Published: Sunday, November 18, 2012, 7:15 AM Updated: Sunday, November 18, 2012, 7:23 AM
By Mark Eckel/The Times
Remember that four-game winning streak the Eagles put together at the end of last season?
It might have been the worst thing that could have happened to them.
Not only did the streak that got the team to .500 after a dreadful 4-8 start give them false hope that they were actually a decent team, when all they really did was — with no pressure on them — beat other bad teams, it may have also cost them a chance at a better future.
Imagine if the Eagles were going against the Washington Redskins today and Robert Griffin III was under center for the Eagles instead of the Redskins. And somebody besides Andy Reid or Marty Mornhinweg was calling the plays for RG III.
Yeah, yeah, I know Nick Foles is a combination of Johnny Unitas and Joe Montana and will be enshrined in Canton after this season, becoming the first active player to ever do so. He’ll be right next to Bobby Hoying, Kevin Kolb and Mike Kafka.
While Eagleland is going silly over Foles, who will make his first NFL start today, I’ll reserve judgment and listen to some of the best college scouts in the league who continue to tell me there’s a reason the former University of Arizona quarterback went in the third round of the draft.
Griffin, however, the second overall pick in that same draft, is the real deal. He might not be as good as the guy who went No. 1 — Andrew Luck (he might be Unitas/Montana), but he’s pretty darn good. And he could have been an Eagle.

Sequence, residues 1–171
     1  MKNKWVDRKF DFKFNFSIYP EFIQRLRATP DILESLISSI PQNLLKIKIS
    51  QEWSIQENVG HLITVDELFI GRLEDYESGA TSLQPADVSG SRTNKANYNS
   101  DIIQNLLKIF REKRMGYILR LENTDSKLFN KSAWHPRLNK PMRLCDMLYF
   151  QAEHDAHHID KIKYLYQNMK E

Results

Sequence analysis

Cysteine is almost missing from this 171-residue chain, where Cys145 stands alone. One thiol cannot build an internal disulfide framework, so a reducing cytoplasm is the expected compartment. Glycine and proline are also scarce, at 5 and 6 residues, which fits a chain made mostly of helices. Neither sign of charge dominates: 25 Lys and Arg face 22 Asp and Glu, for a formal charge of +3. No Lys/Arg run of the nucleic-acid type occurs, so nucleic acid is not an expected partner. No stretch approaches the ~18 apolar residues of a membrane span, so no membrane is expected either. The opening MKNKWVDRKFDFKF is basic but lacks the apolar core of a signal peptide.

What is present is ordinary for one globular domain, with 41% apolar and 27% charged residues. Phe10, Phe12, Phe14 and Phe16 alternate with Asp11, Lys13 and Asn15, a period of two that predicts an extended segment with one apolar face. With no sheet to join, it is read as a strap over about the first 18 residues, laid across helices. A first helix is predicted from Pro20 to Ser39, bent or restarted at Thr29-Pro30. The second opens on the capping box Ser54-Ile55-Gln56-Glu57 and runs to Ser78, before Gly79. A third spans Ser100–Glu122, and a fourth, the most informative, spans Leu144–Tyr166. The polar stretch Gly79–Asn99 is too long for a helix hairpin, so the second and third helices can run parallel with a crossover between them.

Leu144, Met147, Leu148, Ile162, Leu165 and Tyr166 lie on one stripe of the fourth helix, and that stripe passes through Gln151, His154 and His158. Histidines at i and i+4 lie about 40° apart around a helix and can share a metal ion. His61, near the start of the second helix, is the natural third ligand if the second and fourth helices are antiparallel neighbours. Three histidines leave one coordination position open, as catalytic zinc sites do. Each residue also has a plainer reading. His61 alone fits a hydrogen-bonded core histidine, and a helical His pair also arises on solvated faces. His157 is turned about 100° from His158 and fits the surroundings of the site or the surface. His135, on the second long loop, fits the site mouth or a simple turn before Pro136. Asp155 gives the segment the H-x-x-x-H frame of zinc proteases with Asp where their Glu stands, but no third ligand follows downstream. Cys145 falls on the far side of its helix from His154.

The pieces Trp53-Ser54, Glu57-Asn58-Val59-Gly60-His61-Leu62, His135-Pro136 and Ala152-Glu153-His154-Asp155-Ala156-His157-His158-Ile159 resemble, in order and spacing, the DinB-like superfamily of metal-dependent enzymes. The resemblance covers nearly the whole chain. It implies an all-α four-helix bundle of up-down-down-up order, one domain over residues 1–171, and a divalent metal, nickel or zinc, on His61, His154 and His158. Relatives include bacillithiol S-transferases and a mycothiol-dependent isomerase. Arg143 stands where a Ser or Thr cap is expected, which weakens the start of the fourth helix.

In a conference call this week with Eagles reporters, Griffin told the story of how Reid interviewed him during the scouting combine and told him to be prepared, because during the draft anything could happen.
What did happen was Washington, with the sixth pick in the draft, traded up with St. Louis, sitting in the No. 2-spot, and selected Griffin.
It’s come out that Cleveland, with the No. 4 pick, was also in conversation with St. Louis and so was another “mystery” team.
I’m not saying that team was the Eagles, but Reid did confirm Griffin’s story that he interviewed him during the combine and came away very impressed with the Heisman Trophy winner from Baylor.
The Eagles did move up in last year’s draft from No. 15 to No. 12 and selected defensive tackle Fletcher Cox. But when you finish 8-8, you pick in the middle of the draft and then have to give up another pick just to move to No. 12 and get a defensive lineman.
If the Eagles would have played those final four games of last season the way they played the first 12 or the way they have played most of this season — that is to say lose, they could have been in position to get their quarterback of the future.
Had the Eagles finished last season 4-12, Reid would have likely been fired. Which means that next year’s rebuilding process would have already been a year in the making and that RG III could have been the quarterback.
A 4-12 record for the Eagles would have given them the No. 4 pick in last year’s draft (in a tie-breaker over Cleveland) and in a good position to move up the two spots to No. 2 to select Griffin.
It would have cost the Eagles a good sum. The Redskins gave the Rams a second-round pick last year and two future No. 1 picks to move up from No. 6. The Eagles may have been able to get away with both of their second-round picks last year and another No. 1 next year. In the process, they could have used Mike Vick as trade bait to recoup a pick.
You could argue that would have damaged the future of the organization to give away that much for one player, but when the one player is a franchise quarterback to build that future around, it might not have been that much at all.
Instead, the Eagles basically wasted this season with Vick playing his final games at quarterback, Reid on the sidelines for the final year and the team 3-6 in another disappointing season.
Contact Mark Eckel at firstname.lastname@example.org